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Public education politically correct phrase of the week - 'at-promise'

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Jay Mathews of the Washington Post brought to light the latest spin on feel-good phrasing in public education in the state of Virginia.  According to Mathews, Alexandria City Public Schools decided they will no longer call students who are at risk of school failure as 'at-risk', but instead will refer to them as 'at-promise'.

Students are labeled at-risk if they meet any or all of the following: low socio-economic status, second-language learners, history of discipline problems, past retention, low-test scores, or special needs.  Students who meet the definition are provided more tutoring, counseling, or other special support. 

Some feel the label of 'at-risk' negatively changes the way teachers and administrators see these students which then affects how they are handled.  Spinning the label differently usually only serves as distraction from the main task - helping the students most in need.  After all, district documents will need to be changed to reflect the new, positive term 'at-promise'.  Districts will need to pay for inservices to teach administrators, teachers, and support staff the new term.   This all means spending money on a phrase instead of spending money on ways help students be more successful.

Jay Mathews illustrates the point that those who make an issue out of changing a word or phrase so it is more politically correct tend to also benefit the most financially from it:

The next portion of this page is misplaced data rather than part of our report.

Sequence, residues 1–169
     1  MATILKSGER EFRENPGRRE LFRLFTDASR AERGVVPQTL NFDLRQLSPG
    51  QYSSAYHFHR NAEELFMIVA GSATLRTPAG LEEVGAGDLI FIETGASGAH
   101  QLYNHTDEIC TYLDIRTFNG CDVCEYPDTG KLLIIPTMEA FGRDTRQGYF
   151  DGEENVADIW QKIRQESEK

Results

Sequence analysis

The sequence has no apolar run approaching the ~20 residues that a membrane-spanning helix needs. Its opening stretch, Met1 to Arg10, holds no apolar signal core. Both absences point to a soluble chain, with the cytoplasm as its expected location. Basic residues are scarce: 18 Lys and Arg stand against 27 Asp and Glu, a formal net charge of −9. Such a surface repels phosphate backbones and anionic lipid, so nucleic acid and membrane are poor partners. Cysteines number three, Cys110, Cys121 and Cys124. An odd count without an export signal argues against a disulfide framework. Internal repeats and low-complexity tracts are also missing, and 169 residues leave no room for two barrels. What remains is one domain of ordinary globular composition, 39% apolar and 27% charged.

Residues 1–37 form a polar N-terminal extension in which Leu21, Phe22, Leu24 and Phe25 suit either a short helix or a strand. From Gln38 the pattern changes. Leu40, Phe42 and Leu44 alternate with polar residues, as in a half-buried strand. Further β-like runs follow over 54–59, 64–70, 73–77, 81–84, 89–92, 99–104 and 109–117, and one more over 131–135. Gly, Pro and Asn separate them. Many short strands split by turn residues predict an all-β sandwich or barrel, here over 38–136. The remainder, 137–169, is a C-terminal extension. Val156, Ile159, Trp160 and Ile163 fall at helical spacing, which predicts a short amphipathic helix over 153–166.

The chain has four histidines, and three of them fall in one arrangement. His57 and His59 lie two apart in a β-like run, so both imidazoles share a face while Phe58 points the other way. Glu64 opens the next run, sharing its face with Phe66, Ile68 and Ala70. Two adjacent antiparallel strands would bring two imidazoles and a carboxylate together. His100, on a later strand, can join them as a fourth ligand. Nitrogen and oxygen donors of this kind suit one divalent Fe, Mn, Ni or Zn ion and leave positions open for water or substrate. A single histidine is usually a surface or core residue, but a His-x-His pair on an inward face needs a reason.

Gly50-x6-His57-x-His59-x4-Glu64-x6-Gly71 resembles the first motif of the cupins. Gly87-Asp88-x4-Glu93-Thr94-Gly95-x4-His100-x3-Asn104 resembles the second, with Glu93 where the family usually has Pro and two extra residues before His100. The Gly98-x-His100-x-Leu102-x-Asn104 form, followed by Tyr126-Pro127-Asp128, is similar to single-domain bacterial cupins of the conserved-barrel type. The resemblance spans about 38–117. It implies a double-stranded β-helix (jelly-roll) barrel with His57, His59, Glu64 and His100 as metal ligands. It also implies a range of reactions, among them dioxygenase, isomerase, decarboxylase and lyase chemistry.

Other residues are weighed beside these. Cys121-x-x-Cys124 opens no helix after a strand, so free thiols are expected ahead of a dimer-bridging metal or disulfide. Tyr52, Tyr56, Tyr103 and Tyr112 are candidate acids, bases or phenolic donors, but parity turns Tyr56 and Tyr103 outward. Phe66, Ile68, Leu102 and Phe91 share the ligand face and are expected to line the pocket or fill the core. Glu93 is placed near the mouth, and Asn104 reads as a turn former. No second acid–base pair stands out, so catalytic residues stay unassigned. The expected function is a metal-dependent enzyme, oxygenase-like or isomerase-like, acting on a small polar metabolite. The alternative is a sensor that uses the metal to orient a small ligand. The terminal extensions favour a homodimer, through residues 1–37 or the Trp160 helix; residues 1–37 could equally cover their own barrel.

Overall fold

"At promise" has been floating around for at least a decade. The earliest media reference I could find was in a September 1997 Associated Press article about a mentoring program for junior high students in Norfolk, Neb. The term did not find fertile soil until 2004, when motivational speaker and educational consultant Larry Bell used it often in a speech to a San Diego conference sponsored by SIATech, a nonprofit group that runs 14 Job Corps training centers in four states.

Two SIATech officials, Eileen Holmes and Linda Dawson, were so inspired that they started holding at-promise conferences. Then they established the Reaching At-Promise Students Association to spread the notion that every child has potential to improve.

 For more info:  see the original article "A 'feel-good' label for 'at-risk' kids?"

Comments

  • RAPSA 5 years ago

    Thank you for continuing this conversation. "At-Promise" represents an attitude shift and a new approach that empowers teachers and involves students in their own learning. It costs nothing for a district, teacher, etc., to simply change his/her attitude and/or apply the "at-promise" techniques in the classroom. Quality education starts with a strong support system and dedicated students and teachers.

  • Bridgette 5 years ago

    RAPSA, I guess you didn't read what I wrote. It does cost a lot of money for districts, states, and the federal government to play along with new fads such as this one.
    For example, to go to your three day At-Promise Conference in San Diego next year, it'll cost members $595/non-members $695 to attend...teachers can't afford to pay, so all the taxpayers will be paying.

  • RAPSA 5 years ago

    The conference is one means to connect educators who are interested in learning several useful classroom strategies to achieve better student outcomes; it's a three-day series of workshops and best practices from education experts and therefore costs money to produce. However, the "at-promise" approach -- again, it's an approach, not simply a new term or fad to replace "at-risk" -- can be integrated at absolutely no cost to the district, teacher, school or taxpayers. A teacher can find the resources and best practices associated with the approach (many are posted on our site, for example) from several experts in the education field for free. There are no curriculum or policy changes required.